Do you remember the Reverend Wright scandal? Over the course of twenty years, Obama had listened to horrifying racist rants from his beloved minister, yet in 2008 Obama still managed to claim that he had never heard any of this disturbing language, and the American electorate, in love with an image created by Axelrod, Plouffe and Dunne, ignored this obvious character failing and elected him president. A quick learner, Obama internalized this lesson: not Bart Simpson's "I didn't do it," but rather "I didn't hear it," or a variant on "what I don't know can't hurt me." And so, the responsibility of White House chief counsel Kathryn Ruemmler was born: "protector of the presidency" from, for example, the findings of the inspector general’s audit of the IRS (see: http://www.washingtonpost.com/politics/white-house-counsel-kathy-ruemmler-from-outsider-to-protector-of-the-presidency/2013/05/26/78a6986e-c3f0-11e2-914f-a7aba60512a7_story.html?hpid=z2). After all, the president cannot be blamed for acting or not acting if he can claim that he discovered something in the newspapers in the same way as other Americans.
In her latest New York Times op-ed entitled "President of Scandinavia" (http://wap.nytimes.com/2013/05/29/opinion/dowd-president-of-scandinavia.html?from=opinion), Maureen Dowd is critical of Obama's communication skills. Dowd writes:
"David Plouffe told [journalist and author Jonathan] Alter that Obama was 'better suited to politics in Scandinavia than here,' meaning, Alter writes, 'that he was a logical and unemotional person in an illogical and emotional capital.' Ironic, given that it was Obama’s emotional speeches that precociously vaulted him into the Oval Office."
Why ironic? Those carefully crafted teleprompter speeches, having no connection whatsoever to Obama's psyche, could just as easily have been conveyed by a computer generated image. Americans were hungry for "change," and it didn't matter if it came from someone willing to sit in silence through warped Sunday sermons. America got what it paid for . . . twice.
"When Obama was elected, he assumed he would be a good bridge-builder. 'But he just had no experience dealing with Republicans in any significant way,' Alter told me. 'He wasn’t in the leadership in Springfield or the Senate. He thought that just because he mussed up Tom Coburn’s hair that he knew how to deal with Republicans.'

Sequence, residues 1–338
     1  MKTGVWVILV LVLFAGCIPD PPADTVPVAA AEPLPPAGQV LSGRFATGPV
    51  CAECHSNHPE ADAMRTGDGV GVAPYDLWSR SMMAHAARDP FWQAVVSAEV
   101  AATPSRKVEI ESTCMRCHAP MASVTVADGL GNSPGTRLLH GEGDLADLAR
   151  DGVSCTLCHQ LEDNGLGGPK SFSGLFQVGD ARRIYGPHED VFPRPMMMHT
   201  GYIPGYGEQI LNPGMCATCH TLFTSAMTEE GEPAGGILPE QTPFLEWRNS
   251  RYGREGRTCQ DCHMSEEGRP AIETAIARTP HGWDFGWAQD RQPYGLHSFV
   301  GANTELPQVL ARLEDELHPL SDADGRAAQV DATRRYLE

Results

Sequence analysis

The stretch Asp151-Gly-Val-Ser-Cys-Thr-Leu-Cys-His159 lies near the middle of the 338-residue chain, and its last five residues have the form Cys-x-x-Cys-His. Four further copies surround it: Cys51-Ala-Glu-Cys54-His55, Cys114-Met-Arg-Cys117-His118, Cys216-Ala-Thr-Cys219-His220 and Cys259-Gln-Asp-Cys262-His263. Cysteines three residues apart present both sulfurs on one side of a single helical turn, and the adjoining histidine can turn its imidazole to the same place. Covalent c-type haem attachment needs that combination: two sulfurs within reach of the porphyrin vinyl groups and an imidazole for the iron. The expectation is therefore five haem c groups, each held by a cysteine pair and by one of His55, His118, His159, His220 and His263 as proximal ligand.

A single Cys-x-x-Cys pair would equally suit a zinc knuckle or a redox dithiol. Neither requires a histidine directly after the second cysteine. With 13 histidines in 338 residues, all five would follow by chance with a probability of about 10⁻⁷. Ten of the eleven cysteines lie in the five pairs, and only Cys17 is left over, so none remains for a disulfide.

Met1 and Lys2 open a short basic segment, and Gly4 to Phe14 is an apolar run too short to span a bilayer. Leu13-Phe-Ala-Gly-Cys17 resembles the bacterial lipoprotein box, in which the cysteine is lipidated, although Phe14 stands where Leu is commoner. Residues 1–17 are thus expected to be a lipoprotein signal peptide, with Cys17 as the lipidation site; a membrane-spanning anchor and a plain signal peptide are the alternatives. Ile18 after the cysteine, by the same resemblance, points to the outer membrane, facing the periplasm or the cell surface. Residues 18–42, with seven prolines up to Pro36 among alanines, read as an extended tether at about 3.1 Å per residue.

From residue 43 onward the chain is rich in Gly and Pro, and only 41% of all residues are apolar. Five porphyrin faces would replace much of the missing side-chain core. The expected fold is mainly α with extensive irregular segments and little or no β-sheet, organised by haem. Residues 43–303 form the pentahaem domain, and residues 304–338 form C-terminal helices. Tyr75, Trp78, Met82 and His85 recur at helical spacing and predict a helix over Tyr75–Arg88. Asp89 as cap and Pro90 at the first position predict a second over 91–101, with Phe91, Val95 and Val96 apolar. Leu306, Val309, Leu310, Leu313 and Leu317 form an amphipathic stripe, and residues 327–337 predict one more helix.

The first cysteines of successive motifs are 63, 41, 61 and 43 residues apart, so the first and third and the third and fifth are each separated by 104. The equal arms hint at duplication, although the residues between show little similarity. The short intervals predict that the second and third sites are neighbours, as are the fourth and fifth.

. . . .
The man who prides himself on his self-awareness is now trying to use more tools in the toolbox. So the main question, Alter says, is 'whether learned behavior and his determination to have a successful second term and do things differently can win out against his natural inclinations.'
The historian believes that Obama does have the capacity to change. 'He gets it now,' Alter says. 'Is it too late? I doubt it. He wants to be remembered for more than being the first African-American president.'"
Indeed, Obama was elected without experience or communications skills essential to any leader. Does Obama "have the capacity to change"? How quaint.
Does Obama wish "to be remembered for more than being the first African-American president"? This is heresy. In case you have forgotten, Obama in his first term already ranked his legislative and foreign policy accomplishments with those of Johnson, F.D.R., and Lincoln:
Or in other words, Obama is a bit detached from reality and more than a bit narcissistic.
Why does Obama need to do more in order "to be remembered for more than being the first African-American president"? Obama already thinks that he is there.
The bigger concern is whether the emergence of the Benghazi, IRS and AP/Rosen scandals and Obama's "What I don't know can't hurt me" outlook won't paralyze the executive branch of the US government for the remainder of his second term, when the US economy is still flaccid and when the US is facing challenges from rogue regimes in Iran and North Korea.